Friday, April 20 , 2018, 9:33 am | Fair 59º


Janet Rowse: Proposed Marijuana Ordinance Falls Far Short

The Santa Barbara City Council needs to repeal the ordinance or ban dispensaries altogether

There has been a growing concern in Santa Barbara over the pot shops that have moved to our village by the sea. Some people don’t seem to care about them, yet others are incensed over them. This opinion speaks to why so many of us do care.

We are a family, and most people here know that in Santa Barbara there are not six degrees of separation between us, but one. This makes drug use and addiction very personal. With 10 percent of our population suffering from addiction, that means that we all know someone who has struggled with it or died from it.

Our people care deeply about others to the point that they will give until it hurts. This compassion that we feel is strong, but we do recognize when it is being used against us. We must find a way to separate the cancer and AIDS patients from the recreational users. We must and do care for the truly sick, but not at the price of promoting drug abuse. It can be done, but we must choose wisely. Dispensaries are not only providing safe access to marijuana for qualified patients; they are providing marijuana to recreational users and secondary dealers, all while they are decreasing the perception of harm to our youth at a time when their brains are still developing and more susceptible to damage and addiction.

It is a myth, however many times repeated, that zoning pot shops where they can be seen will enable the city to control the sale of marijuana. This has been proven false and was underscored again just last week when police closed one of the city’s most lucrative pot shops for money laundering and trafficking (Upper State Street storefront). The litany of other unsavory activities creates a list too long for these pages, but have all occurred in recent months. This stands in direct contrast to what the City Council has been telling us — that the dispensary model is controllable and desirable, and that drug sellers will be good neighbors.

We have 25 marijuana-related businesses operating in town. Add to this that home-based collectives that grow and distribute marijuana to qualified patients are legal, according to the state, and the city can’t control them. All any ordinance does is ensure that more drugs and drug-related crime will come to and through Santa Barbara. More police resources will be needed to protect us. Regardless of any ordinance, possessing, cultivating and distributing pot for the purpose of selling is illegal. This ordinance is an attempt to develop rules on how to break standing law.

The proposed ordinance that is being touted as very restrictive doesn’t define what a collective is, nor does it talk about cultivation, regulation or enforcement. It doesn’t mention purity, potency or origin of the products sold, including cookies and candies. For an ordinance that claims to regulate marijuana, it fails. It doesn’t say whether it’s legal to grow 1,000 plants next to a school. It doesn’t say whether it’s legal to convert any home into an indoor grow house. Nor does it say whether pot delivery services are legal or what kind of oversight they might need. However, what it does say is exactly what the dispensary operators want it to say, and they stand behind it because they know that whatever restrictions the ordinance puts in place they can get around.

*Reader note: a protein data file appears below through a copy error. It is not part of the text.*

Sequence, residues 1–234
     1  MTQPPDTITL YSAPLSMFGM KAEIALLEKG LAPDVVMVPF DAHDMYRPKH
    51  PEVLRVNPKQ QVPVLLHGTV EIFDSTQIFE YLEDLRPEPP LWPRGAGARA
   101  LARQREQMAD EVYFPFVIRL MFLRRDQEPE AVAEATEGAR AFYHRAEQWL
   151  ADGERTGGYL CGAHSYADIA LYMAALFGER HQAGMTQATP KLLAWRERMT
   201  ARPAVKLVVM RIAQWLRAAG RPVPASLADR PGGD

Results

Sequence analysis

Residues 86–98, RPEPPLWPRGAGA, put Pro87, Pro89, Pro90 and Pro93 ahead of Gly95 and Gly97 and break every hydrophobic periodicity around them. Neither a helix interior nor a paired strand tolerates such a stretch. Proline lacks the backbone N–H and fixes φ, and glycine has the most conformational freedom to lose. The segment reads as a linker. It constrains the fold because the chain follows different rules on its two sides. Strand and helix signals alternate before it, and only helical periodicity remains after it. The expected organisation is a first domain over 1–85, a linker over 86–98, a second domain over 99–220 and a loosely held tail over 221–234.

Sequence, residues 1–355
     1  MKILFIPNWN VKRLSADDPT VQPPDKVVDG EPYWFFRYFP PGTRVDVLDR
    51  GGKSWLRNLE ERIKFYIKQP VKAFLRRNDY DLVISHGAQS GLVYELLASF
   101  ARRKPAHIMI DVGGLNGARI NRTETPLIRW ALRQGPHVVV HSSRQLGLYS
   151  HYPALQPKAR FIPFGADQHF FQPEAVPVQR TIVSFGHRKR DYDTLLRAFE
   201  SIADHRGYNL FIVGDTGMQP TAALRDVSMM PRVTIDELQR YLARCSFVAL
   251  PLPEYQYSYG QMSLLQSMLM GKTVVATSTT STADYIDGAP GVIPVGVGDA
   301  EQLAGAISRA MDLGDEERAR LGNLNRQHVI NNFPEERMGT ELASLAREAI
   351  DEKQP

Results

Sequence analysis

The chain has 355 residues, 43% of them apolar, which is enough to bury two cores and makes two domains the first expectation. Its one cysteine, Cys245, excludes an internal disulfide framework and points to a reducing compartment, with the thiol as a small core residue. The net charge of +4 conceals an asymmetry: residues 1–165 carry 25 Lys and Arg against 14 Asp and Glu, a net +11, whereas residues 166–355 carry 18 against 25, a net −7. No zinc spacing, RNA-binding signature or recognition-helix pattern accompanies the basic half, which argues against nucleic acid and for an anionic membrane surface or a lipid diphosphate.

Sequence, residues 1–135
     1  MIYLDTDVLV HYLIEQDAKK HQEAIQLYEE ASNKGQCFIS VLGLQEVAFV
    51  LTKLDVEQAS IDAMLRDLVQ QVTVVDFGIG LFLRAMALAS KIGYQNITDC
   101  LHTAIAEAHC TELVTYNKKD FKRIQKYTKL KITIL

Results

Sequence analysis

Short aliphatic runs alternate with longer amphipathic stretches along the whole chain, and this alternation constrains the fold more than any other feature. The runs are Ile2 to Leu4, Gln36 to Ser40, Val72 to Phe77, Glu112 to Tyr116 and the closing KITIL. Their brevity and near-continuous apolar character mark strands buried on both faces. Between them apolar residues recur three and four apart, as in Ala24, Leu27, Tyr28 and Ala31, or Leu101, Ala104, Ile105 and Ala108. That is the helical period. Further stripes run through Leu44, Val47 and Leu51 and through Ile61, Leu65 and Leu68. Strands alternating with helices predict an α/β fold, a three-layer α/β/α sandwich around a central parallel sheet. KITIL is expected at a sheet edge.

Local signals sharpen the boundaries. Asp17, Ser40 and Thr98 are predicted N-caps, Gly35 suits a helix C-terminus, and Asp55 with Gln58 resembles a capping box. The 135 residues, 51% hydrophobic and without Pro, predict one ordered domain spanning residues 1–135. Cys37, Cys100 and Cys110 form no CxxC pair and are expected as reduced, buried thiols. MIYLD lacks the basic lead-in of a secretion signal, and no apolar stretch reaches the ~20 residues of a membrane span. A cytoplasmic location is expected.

The ordinance process has been driven by the pot industry, without adherence to standing law or to the wishes of the community at large. Three members of our current council have thus far chosen to ignore the well-being of this city, putting their own political careers ahead of the office they swore to serve. There is no need to supersede the laws of the state as they pertain to personal use and possession of pot as it relates to the critically ill and the certified caregivers. The doctor/patient relationship does not mean a 15-minute meeting in a hotel room for a cash fee. Why are we the only city for a 100-mile radius that can’t recognize this?

Why have Sheriff Bill Brown, Police Chief Cam Sanchez, Santa Barbara County Superintendent of Schools Bill Cirone, Santa Barbara School Districts Superintendent Brian Sarvis, SBCC President Andreea Serban, the entire Fighting Back Steering Committee, Daniel Bryant Youth & Family Treatment Center’s Bob Bryant, Council on Alcoholism & Drug Abuse President and CEO Penny Jenkins, Santa Barbara Rescue Mission President Rolf Geyling, Santa Barbara neighborhood organizations, parents, teachers, business owners and many more been summarily dismissed by our City Council?

Dispensary owners are pushing for an ordinance — any ordinance — because it recognizes their existence. They know that the will or the means to enforce any ordinance doesn’t exist, even if the manpower were available to do so. There is no real-world mechanism for enforcement, auditing or control of any kind, outside of a bonafide citizen-based complaint. If the eventual goal is total legalization, it needs to be done at the federal level. No city, not even the most special one, can control what our city is attempting to control with a zoning ordinance and a zoning staffer. The time has come to repeal the ordinance or ban dispensaries altogether.

What we are waking up to is the dismal fact that money-driven power politics can and have superseded the sworn duty of our elected officials to preserve their city and protect their constituents.

— Janet Rowse is a veteran parent volunteer in the Santa Barbara School Districts who has been following the Santa Barbara medical marijuana dispensary ordinance closely.

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